Now Is Not the Time for Europe to Lose Faith

Despite all the focus in Europe on refugees, terrorism and Brexit, there is one region which still requires the attention of both European elite as well as its society -- Eastern Europe. We are at risk of losing our focus in the region, and this could hurt countries that are attempting to finally shed their Soviet heritage.

As the most recent issue of New Eastern Europe points out, now is not the time for Europe to lose faith.

Supporting the reform processes taking place in Ukraine is an area where countries like Poland can help lead Europe. One initiative which already exists, and needs new momentum, is the EU's Eastern Partnership program. The Eastern Partnership is an initiative launched in 2009 in Prague. The initiators of this initiative were both Poland and Sweden. Building off the success of EU accession of Central European states, the Eastern Partnership aims at enhancing Europe's relations with six post-Soviet states of Armenia, Azerbaijan, Belarus, Moldova, Georgia and Ukraine. In other words, the goal is to have integrated relations between those states that want to be closer to Europe and ultimately set the stage for future EU accession (when both the EU and these states are ready).

The winter of 2013 and 2014 was a seminal period for the Eastern Partnership and the EU with the Maidan revolution and, following V. Yanukovych's departure, signing the Association Agreement by Ukraine, Moldova and Georgia. Gdansk in time of events on Maidan in Kiev, photo:

There is no doubt that a large part of the driving forces behind the changes taking place in these countries has been its civil society. We saw how Ukrainians organized against their corrupt regime, demanding reforms and a more European way of life, which includes openness, transparency and democratic norms.

I believe that supporting civil society in the Eastern Partnership countries is an area which not only national governments can support, but local governments in Europe as well. Decentralization and strengthening local government in post-Soviet states is one major area that we can specifically address.

Here in Gdansk we get involved in several very specific projects addressed to diversified communities in Eastern Partnership countries. For years Gdansk has been financially and organizationally supporting the independent secondary school in Minsk, capital of Belarus. Since 2013, this high school enjoys the status of an international school based in Gdansk, which allows its students to take the official High School Exit Examination recognized by the Polish educational system. Many graduates of this high school choose to continue their education at Polish universities.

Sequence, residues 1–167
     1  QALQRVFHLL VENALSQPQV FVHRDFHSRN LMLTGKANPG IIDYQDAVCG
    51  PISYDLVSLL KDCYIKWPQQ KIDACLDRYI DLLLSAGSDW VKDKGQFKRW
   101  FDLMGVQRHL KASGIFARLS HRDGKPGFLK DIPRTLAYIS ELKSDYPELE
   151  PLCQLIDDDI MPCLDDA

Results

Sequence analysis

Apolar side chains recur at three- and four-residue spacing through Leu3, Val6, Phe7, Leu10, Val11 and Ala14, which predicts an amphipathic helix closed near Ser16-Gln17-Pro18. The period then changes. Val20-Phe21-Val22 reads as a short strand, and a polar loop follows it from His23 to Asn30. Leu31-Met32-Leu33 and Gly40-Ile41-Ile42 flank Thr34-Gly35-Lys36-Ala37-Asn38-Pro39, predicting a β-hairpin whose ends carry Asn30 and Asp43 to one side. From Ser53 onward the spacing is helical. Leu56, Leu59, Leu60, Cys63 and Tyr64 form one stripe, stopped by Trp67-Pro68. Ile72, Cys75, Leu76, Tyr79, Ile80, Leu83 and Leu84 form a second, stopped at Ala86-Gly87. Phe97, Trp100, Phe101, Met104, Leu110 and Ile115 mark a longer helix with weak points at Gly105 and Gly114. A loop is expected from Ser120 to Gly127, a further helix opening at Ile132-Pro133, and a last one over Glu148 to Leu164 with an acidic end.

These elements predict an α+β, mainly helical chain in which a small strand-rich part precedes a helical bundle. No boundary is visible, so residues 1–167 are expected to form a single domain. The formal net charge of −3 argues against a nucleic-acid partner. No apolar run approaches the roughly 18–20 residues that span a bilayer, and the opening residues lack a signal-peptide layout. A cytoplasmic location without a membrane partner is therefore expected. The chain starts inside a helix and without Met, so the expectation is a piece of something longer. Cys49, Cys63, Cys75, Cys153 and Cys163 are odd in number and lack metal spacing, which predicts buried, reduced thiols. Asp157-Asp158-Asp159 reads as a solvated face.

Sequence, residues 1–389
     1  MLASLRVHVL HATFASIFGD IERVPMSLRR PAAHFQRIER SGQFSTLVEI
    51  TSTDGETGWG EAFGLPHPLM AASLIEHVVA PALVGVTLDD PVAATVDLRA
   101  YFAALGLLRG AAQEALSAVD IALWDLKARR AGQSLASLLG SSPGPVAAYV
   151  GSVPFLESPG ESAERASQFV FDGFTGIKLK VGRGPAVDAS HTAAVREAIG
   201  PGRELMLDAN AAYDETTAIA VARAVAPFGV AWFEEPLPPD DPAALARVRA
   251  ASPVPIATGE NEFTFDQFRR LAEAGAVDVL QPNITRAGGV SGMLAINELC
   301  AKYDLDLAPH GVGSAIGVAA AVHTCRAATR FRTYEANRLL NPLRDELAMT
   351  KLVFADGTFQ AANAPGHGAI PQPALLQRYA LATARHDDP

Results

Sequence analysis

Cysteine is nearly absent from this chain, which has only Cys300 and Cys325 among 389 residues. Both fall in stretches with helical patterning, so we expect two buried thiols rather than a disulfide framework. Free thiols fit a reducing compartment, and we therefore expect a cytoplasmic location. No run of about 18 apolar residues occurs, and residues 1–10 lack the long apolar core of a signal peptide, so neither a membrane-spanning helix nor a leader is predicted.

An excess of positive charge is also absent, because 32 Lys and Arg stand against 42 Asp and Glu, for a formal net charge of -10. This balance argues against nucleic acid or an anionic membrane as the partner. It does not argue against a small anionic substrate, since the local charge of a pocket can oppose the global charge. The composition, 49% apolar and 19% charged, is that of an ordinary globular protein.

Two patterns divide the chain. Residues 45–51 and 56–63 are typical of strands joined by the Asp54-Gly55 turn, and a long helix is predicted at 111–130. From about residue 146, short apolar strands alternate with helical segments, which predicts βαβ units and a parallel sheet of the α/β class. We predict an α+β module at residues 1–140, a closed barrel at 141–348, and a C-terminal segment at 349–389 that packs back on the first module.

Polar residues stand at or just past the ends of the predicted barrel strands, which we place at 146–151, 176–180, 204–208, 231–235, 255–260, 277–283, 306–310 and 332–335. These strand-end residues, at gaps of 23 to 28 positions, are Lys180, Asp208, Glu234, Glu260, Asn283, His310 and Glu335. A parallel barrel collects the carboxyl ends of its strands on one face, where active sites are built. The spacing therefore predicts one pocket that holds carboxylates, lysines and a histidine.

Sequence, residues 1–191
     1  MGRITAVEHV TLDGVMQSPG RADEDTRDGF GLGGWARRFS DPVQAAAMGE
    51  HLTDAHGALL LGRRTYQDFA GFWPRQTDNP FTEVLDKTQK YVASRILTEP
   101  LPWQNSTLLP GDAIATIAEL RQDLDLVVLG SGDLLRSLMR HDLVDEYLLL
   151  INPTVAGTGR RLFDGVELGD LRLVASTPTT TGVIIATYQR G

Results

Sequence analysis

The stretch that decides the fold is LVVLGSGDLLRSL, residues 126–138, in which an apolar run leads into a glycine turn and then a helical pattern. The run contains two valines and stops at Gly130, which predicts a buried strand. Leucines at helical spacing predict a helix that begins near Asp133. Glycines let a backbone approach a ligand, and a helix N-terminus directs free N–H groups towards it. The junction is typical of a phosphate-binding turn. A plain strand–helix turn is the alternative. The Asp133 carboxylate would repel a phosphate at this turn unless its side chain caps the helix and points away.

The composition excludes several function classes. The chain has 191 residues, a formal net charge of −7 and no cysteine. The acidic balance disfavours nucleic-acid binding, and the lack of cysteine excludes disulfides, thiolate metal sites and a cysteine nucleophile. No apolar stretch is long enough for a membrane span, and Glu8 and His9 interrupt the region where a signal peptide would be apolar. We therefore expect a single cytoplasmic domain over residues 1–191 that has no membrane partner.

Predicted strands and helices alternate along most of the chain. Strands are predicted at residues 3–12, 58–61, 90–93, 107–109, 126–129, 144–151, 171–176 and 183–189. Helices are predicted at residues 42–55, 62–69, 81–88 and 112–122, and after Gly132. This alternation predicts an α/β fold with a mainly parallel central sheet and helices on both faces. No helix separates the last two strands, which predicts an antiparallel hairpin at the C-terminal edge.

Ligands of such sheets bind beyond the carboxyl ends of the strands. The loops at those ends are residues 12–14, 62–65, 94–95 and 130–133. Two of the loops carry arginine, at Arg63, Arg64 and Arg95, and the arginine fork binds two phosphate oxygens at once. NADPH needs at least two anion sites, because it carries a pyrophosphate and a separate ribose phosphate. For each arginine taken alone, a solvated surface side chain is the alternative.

We foster cultural and economic cooperation with local governments and social organisations from Mariupol, Odessa, Grodno, Polock and Novopolock. The natural space for this cooperation is also supporting the Polish communities in these countries. This approach is consistently carried out by our repatriation activity.

Every year we enable two families to make their home in Gdansk. For several years we have helped in this way dozens of families repatriated to Gdansk. Each of these families receives the apartment, and help in getting a job and education.

Last, but not least, we are active in The Conference of Regional and Local Authorities for the Eastern Partnership (referred to as "CORLEAP"), which is the political forum of discussion, consultation, supervision and monitoring post-soviet countries in respect of all questions relating to the Eastern Partnership at the local and regional level.

Additionally the City of Gdansk provides financial support for the issuance of an important magazine "New Eastern Europe". This is no small expense, but, I believe, well worth its price.

By supporting local governments and local civil society organizations, we can help these countries build a strong foundation for democratic change that would make its way to the top. But it requires a renewed focus on all levels within the European Union. While the current crises may distract the EU policymakers from engaging in the East, it may also be an opportunity for local governments to engage stronger in the Eastern Partnership, supporting local civil societies drive democratic change in their countries, bringing all Europeans closer together.